Cosmic Snack: Donut-Shaped Ring Nebula Spotted By Hubble

By James Maynard , May 23, 2013 04:48 PM EDT

The Ring Nebula has been imaged like never before, revealing its true form, which is not a ring, as the name might suggest. The pictures gathered by the Hubble Space Telescope, along with pictures from the ground, allowed researchers to construct a composite photograph of the nebula that revealed a far more complex structure than once believed.

Once commonly described as having the shape of a bagel, the Ring Nebula may still keep being described in terms of food.

"The nebula is not like a bagel, but rather, it's like a jelly doughnut," said C. Robert O'Dell of Vanderbilt University, who led the research team that compiled the photograph, "Because it's filled with material in the middle."

The blue gas seen in this new photograph of M57 is a football-shaped formation of helium gas reaching from one side of the ring to the other. The new photo from Hubble's Wide Field Camera Three also shows never-before-seen detail in the knotty, dark structures near the inner-most part of the ring. These spoke-like structures were formed when hot gas ejected by the dying star collided with cooler gas from a previous ejection.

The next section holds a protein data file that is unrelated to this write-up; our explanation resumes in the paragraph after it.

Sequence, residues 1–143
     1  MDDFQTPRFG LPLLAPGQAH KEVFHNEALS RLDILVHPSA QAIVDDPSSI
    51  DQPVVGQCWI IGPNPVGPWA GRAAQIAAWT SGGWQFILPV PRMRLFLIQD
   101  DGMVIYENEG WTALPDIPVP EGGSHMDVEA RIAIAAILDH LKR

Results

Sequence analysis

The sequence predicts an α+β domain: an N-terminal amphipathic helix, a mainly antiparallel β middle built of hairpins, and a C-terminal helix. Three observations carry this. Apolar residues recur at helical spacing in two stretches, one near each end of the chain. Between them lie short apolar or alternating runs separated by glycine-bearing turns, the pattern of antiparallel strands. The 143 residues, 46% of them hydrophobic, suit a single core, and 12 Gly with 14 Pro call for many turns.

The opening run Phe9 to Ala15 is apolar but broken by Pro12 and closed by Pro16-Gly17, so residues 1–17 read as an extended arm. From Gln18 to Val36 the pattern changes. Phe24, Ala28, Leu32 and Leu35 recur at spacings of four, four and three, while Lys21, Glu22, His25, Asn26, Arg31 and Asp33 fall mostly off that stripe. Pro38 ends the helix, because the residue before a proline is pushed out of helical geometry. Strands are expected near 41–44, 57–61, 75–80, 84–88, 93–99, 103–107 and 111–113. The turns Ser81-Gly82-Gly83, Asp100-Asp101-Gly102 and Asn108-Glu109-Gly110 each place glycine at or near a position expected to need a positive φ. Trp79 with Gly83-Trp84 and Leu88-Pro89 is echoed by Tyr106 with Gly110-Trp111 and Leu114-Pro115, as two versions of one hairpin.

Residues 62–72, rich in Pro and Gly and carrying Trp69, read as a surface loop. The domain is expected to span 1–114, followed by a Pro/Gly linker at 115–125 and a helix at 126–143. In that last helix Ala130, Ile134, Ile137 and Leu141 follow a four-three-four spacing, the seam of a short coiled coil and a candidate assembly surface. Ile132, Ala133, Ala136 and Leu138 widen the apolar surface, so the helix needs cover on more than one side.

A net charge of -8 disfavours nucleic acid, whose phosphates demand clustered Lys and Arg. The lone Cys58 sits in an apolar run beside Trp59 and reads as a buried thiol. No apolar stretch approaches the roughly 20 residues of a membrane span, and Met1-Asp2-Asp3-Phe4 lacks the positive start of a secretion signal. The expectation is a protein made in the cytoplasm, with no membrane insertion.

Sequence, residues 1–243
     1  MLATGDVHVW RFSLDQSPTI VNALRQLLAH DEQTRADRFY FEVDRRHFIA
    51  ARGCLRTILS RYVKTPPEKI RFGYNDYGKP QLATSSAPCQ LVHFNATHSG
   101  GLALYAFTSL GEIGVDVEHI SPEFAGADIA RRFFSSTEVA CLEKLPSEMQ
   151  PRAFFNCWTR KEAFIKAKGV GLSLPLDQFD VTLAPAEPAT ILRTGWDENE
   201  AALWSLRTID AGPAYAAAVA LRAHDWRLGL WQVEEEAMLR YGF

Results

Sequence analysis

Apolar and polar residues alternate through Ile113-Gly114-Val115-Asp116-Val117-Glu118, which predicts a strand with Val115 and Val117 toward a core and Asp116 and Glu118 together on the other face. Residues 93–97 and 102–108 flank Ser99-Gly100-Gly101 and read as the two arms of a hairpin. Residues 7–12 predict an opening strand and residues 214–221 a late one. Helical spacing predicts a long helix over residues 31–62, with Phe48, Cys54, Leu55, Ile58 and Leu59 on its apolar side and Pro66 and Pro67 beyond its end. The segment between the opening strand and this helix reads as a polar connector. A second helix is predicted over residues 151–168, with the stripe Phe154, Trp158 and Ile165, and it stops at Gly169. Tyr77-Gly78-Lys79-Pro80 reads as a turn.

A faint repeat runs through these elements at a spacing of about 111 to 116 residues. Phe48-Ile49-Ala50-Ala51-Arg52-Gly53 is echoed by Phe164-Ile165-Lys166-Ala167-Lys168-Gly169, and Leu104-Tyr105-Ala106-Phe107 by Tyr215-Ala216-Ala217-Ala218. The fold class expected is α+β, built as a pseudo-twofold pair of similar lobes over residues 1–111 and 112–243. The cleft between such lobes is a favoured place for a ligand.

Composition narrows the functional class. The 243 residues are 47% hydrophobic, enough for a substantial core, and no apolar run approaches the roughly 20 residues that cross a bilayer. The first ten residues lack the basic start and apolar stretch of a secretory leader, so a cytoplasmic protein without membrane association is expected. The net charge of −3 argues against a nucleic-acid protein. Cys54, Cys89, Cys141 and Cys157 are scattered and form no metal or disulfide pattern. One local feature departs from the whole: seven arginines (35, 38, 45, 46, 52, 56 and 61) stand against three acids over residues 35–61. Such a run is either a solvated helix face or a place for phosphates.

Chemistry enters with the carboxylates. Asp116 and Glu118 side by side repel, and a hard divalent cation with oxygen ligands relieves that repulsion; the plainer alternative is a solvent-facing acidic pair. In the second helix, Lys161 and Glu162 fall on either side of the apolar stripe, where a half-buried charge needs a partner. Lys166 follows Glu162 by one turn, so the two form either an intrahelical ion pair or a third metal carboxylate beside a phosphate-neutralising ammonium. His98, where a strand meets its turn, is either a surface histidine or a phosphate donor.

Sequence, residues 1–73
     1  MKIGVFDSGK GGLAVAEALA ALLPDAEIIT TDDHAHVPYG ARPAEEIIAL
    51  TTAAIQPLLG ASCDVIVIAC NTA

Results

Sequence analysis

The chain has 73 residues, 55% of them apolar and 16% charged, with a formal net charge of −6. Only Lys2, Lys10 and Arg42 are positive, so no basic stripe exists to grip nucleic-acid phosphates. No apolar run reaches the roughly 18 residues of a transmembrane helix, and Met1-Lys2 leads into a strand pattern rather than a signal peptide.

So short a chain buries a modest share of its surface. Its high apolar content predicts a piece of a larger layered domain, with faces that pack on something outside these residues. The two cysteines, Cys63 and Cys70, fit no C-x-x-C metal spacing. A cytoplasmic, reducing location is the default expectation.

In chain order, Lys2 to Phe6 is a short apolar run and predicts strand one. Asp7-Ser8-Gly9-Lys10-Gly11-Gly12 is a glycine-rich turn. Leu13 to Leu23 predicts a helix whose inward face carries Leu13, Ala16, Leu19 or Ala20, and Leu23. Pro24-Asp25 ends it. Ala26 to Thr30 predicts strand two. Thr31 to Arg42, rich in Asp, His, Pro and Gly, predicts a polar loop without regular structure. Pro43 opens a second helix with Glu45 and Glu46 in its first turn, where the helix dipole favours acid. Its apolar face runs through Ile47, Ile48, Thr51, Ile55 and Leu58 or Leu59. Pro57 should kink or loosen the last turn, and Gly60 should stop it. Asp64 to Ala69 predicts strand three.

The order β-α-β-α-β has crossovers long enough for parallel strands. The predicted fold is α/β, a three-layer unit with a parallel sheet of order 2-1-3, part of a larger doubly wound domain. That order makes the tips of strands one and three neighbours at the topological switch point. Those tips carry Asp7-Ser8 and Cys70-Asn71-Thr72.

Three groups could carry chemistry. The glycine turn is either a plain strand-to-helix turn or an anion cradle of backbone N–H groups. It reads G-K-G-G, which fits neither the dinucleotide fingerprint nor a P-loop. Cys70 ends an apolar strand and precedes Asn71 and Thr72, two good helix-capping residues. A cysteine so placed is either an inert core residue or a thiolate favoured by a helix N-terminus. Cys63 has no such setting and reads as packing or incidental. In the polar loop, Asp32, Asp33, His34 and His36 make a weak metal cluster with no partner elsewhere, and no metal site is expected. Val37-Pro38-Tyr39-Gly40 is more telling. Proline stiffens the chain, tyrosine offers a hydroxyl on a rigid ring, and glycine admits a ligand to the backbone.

"With Hubble's detail, we see a completely different shape than what's been thought about historically for this classic nebula," O'Dell said, "The new Hubble observations show the nebula in much clearer detail, and we see things are not as simple as we previously thought."

To create the photo, Hubble's view was combined with that from the Large Binocular Telescope in Arizona.

The reason the nebula looks elliptical from Earth is because the object is orientated in such a way that its poles are nearly directly in line with our home world. The ring structure is like the outside of a glass as we stare down into it, appearing much darker than the clearer bottom of the glass.

M57 is the remains of a star which shed its out layer long ago, casting a gaseous shell into space, known as a planetary nebula, is it died. One day, the Sun will end its life in a similar manner, but because of its smaller mass, the nebula given off by our own home star in six billion years will not be as dramatic as M57. The Ring Nebula is believed to lie approximately 2,000 light years from Earth and was discovered in 1779.

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